Ranked as one of the world’s best day hikes, the Mount Gower walk is renowned for being as tough as it is rewarding, taking in the incredible views of World Heritage-listed Lord Howe Island and its pristine natural environment.

Mount Gower stands 875 metres tall and offers game walkers breathtaking 360-degree vistas of crescent-shaped Lord Howe Island and the turquoise blue waters of the Pacific Ocean beyond. At the summit, a lush cloud forest offers hikers rare encounters with flora and fauna found nowhere else on the planet.

Standing beside its smaller twin, Mount Lidgbird (777m), the extinct volcanic peaks dominate the southern tip of the island, creating their own weather and watching over the island paradise with a sense of mystique and awe likened to a scene out of Jurassic Park.

Under the guidance of one of two local guides, visitors can climb to Gower’s summit on an eight-hour, 14km return hike. Complete with rope-assisted climbs and dizzying drops, the hike is not for the faint hearted and requires a moderate degree of fitness.

Starting at sea level, the hike begins as a gentle stroll along the coastline from the island’s lagoon to Little Island, just down the road from Capella. Hikers then strap on a helmet and use the ropes that are fixed to the sheer cliff face to navigate the first ascent of Mount Lidgbird, climbing up around 50-60 metres.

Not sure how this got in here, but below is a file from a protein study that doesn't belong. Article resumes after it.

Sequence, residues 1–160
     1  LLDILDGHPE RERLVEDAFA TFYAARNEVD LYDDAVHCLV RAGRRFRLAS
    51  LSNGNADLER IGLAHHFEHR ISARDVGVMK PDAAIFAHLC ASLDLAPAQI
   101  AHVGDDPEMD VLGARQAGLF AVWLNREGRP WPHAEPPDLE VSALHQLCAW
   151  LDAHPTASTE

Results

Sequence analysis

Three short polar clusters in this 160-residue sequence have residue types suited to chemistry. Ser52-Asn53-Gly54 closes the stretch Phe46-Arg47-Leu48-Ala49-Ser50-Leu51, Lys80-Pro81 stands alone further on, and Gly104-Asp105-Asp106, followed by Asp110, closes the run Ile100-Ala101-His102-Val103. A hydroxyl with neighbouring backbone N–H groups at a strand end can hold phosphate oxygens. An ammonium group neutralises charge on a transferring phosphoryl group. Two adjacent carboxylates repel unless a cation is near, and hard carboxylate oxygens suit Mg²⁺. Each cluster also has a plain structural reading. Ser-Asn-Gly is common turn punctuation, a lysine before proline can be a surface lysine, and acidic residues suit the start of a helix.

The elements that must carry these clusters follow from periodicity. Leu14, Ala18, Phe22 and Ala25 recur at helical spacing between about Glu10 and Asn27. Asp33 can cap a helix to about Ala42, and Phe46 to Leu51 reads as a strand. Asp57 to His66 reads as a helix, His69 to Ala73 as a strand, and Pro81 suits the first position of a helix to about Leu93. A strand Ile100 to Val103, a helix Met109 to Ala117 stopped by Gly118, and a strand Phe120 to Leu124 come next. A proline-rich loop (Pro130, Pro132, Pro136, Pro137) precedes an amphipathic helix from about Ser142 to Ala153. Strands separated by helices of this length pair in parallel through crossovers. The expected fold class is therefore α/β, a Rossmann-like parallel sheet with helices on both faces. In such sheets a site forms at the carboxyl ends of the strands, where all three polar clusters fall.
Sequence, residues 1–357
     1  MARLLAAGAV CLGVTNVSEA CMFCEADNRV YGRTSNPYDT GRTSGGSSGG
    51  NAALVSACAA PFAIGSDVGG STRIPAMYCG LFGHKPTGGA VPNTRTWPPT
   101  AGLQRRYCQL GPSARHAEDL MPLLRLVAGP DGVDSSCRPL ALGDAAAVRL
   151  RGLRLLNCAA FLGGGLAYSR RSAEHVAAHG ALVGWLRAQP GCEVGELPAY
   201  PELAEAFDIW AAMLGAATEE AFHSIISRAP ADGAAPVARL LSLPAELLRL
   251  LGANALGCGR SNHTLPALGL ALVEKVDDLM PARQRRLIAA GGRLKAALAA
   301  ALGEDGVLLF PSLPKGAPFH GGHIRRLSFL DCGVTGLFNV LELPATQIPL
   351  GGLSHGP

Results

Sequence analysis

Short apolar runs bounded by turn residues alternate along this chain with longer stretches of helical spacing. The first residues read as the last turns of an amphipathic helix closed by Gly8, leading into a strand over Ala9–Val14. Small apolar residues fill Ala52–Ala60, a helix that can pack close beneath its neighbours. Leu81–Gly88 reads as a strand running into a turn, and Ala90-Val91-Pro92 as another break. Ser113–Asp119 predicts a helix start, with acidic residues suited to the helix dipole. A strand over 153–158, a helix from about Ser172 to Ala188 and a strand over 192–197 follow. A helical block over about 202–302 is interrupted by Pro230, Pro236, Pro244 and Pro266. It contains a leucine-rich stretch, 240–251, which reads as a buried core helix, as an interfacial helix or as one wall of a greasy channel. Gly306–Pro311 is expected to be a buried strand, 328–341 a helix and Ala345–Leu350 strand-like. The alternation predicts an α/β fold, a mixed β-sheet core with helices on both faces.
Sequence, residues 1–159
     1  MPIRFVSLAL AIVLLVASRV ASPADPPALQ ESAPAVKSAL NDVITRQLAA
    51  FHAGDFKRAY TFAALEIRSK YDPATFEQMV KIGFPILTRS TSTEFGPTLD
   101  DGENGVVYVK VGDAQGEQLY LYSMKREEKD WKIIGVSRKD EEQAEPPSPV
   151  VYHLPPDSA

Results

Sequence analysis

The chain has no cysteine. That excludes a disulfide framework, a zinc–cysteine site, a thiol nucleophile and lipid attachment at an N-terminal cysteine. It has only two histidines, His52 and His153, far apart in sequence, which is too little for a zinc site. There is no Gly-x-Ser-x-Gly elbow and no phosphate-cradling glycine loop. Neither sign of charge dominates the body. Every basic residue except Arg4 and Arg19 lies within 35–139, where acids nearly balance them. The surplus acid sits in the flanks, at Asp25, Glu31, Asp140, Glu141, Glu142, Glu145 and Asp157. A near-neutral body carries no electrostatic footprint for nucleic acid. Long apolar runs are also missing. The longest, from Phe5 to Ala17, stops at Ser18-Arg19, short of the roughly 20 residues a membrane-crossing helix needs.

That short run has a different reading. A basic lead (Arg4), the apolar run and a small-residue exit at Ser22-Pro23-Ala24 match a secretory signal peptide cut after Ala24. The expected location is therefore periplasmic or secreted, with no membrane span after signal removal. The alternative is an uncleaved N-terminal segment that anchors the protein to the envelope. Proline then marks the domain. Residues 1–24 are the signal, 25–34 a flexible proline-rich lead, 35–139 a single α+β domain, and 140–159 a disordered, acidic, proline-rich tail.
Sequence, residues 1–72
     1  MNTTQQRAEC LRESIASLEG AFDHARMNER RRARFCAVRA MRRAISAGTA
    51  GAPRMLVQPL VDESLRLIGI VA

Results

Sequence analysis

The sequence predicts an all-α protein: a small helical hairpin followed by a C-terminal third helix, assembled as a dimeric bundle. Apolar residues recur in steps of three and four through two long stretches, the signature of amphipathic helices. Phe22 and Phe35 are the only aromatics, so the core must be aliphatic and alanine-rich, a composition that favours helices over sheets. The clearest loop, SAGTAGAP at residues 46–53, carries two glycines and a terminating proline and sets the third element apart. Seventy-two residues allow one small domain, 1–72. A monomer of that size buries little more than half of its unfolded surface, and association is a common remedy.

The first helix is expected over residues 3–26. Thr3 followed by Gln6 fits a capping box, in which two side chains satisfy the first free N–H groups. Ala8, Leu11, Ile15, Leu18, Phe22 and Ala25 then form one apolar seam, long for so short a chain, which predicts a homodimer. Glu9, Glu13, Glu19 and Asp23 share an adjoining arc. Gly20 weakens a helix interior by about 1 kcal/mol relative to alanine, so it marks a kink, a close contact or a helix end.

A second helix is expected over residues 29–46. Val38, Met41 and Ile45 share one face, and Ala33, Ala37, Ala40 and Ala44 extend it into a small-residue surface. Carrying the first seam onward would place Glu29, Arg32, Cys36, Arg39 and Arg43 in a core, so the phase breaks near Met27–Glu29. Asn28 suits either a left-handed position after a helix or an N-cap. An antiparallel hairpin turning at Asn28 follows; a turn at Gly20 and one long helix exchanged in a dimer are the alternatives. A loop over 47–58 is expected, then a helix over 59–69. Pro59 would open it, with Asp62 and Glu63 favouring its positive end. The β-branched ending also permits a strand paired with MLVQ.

The track, named ‘Lower Road’ then winds around the edge of the vertical cliff before reaching Erskine Creek, a tranquil outcrop with a freshwater stream flowing from deep within the mountain. With tree roots as footholds and ropes for assistance, the track climbs steeply for the final section of the hike.

Nearing the peak, the vegetation undergoes a rapid change; a bonsai-esque mist forest with a wonderland of ferns, trees, mosses and orchids that are more than 500 years old and seen nowhere else on the planet. The endemic Lord Howe Island Woodhen is also seen foraging through the damp undergrowth. A truly unique micro-climate with incredibly cool and clean air, it is also the world’s primary nesting place for the human-friendly Providence Petrel. Guides will summon a flock of petrels from the sky with a “Woo…hee! Woo…hee!” call, and they descend to land and climb all over walkers. And when the clouds part at the summit, there is a breathtaking vista of the island lagoon to the north, and the equally impressive Balls Pyramid to the south, making the hike well worth it.